This calculation supports the strategy of including hemorrhoids as a secondary service-connected disability if the medical records can prove a nexus. While an increase from 30% to 40% in your overall disability rating might seem minor, every little bit helps. This is particularly true if you have multiple secondary service-connected disabilities you can include in a VA disability benefits claim.
For example, post-traumatic stress disorder (PTSD) can cause IBS and diarrhea which, in turn, can cause hemorrhoids. Depending on the individual ratings assigned VA disability benefits for hemorrhoids, IBS, and PTSD may be substantially more than the VA disability benefits for PTSD alone.
What Happens If Your Rating for VA Disability Benefits for Hemorrhoids Is Too Low?
If you believe that your hemorrhoids VA claim was rated too low compared to the impact on your ability to work, you have a few options to challenge the rating.
Present Additional Evidence
You can collect additional evidence showing that you are entitled to a higher rating. For example, the highest VA disability rating for hemorrhoids requires persistent bleeding and either mild anemia or fissures. An examination from a VA doctor or private doctor who observes fissures and bleeding may be enough to support a 20% rating for VA disability benefits for hemorrhoids rather than a 10% or 0% rating.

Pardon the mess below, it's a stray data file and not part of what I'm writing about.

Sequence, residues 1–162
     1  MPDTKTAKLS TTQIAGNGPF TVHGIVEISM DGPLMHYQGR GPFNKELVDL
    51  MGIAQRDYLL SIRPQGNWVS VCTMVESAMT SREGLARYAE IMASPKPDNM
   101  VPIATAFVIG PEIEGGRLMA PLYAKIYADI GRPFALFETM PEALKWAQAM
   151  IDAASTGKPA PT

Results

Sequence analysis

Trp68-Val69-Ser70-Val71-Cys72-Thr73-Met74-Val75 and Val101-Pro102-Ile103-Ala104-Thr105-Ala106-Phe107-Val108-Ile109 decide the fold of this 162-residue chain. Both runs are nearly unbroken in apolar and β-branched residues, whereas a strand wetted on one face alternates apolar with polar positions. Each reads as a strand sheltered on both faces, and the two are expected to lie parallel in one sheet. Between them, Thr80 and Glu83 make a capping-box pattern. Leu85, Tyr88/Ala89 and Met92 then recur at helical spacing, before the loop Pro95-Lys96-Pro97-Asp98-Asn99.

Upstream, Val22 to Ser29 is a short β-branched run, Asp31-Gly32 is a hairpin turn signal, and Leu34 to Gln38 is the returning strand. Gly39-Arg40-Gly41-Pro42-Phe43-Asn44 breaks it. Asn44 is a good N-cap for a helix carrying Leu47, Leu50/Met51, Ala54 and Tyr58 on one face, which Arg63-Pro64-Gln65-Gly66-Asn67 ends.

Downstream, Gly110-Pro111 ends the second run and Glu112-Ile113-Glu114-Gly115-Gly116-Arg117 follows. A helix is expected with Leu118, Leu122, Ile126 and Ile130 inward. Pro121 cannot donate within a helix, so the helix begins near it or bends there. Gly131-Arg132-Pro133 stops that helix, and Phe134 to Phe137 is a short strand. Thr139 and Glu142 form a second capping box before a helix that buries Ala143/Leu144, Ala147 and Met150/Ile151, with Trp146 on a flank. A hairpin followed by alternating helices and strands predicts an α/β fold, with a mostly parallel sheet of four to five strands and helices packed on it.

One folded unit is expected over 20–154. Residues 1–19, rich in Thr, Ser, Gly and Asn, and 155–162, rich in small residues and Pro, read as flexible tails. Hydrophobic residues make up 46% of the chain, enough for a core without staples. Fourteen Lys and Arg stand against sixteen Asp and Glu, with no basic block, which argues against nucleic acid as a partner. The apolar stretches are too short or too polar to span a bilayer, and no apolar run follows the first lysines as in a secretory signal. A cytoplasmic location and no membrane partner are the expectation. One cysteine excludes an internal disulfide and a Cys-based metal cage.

Significantly, the VA generally accepts your testimony if it is consistent with the medical records. Therefore, even if you self-treat your hemorrhoids and self-report your hemorrhoids to your doctor, it is still possible to obtain a VA disability rating.
For example, in one reported case, a veteran self-treated his hemorrhoid outbreaks several times per year and reported fissures and bleeding. The medical records from both a VA examination and a private doctor agreed with the observation of fissures and bleeding but could not specify the number of outbreaks since the veteran did not visit a doctor each time he had an outbreak of hemorrhoids. However, since the medical records did not contradict the veteran’s testimony, the VA accepted his characterization that the hemorrhoids occurred several times per year.